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What does a ‘vocational expert’ do at an SSDI hearing?

Previously, this blog touched on the basic process that you could expect if your claim for Social Security Disability Insurance or SSDI or Supplemental Security Income or SSI benefits is denied, and you decide to appeal. You may recall that the third step of the process, after initial application and request for reconsideration be the Social Security Administration, is a hearing in front of an Administrative Law Judge or ALJ.

Additionally, the timeframes involved in getting a hearing date, which vary from place to pace in Ohio, was also discussed. If you have filed an appeal with the SSA, you will receive a notice of when and where your hearing will be. This notice may mention that a vocational expert will be present at the hearing. So, what does this mean?

Vocational experts are people used by the Office of Disability Adjudication and Review or ODAR, which is the arm of the government that handles disability hearings, to give testimony in front of the ALJ regarding your ability to work. The vocational expert is supposed to have knowledge regarding the skill level and mental and physical requirements of various occupations, the characteristics of places where people work, how many jobs are available in the area for a given profession and how skills can be transferred from job to job.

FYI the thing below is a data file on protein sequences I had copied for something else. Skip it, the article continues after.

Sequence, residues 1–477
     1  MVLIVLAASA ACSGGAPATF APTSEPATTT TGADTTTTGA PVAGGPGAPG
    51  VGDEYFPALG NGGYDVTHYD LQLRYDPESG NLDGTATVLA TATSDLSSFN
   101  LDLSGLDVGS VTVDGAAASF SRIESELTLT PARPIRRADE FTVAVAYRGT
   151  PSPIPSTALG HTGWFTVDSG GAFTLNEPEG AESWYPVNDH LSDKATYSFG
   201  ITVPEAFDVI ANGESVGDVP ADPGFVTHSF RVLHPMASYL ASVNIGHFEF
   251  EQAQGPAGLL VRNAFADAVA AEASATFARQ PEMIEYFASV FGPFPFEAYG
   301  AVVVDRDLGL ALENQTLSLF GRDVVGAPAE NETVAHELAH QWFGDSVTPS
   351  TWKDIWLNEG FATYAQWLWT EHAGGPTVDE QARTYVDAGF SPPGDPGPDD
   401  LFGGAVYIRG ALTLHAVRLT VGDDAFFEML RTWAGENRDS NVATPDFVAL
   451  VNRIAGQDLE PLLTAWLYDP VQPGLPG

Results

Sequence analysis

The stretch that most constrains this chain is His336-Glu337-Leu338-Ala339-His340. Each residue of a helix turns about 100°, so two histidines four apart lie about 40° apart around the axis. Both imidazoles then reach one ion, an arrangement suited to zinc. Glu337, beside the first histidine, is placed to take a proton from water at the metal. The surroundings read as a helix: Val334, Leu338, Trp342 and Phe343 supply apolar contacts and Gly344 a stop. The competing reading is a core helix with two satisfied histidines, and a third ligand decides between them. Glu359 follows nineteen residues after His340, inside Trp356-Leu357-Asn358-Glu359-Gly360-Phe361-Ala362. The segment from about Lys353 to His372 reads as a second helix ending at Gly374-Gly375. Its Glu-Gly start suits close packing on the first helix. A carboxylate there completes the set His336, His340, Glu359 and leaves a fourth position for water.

He or she can give factual and expert opinion testimony for the ALJ to consider. Generally, the ALJ will ask the vocational expert a series of questions based upon a hypothetical set of characteristics that mirror those of the person asking for benefits. The vocational expert may well give his or her opinion as to whether your functional limitations prevent you from doing your previous work or transferring your skills to a new job. As such, the expert may play a large role in the ultimate disposition of the case.

As the applicant, you or your representative may be able to ask questions of the vocational expert as well. As you might imagine, an experienced disability attorney may know what kind of questions are more likely to help your case. Anyone who has received notice of an SSDI hearing that will have a vocational expert present may want to consider seeking legal guidance so he or she can make informed decisions in their situation.

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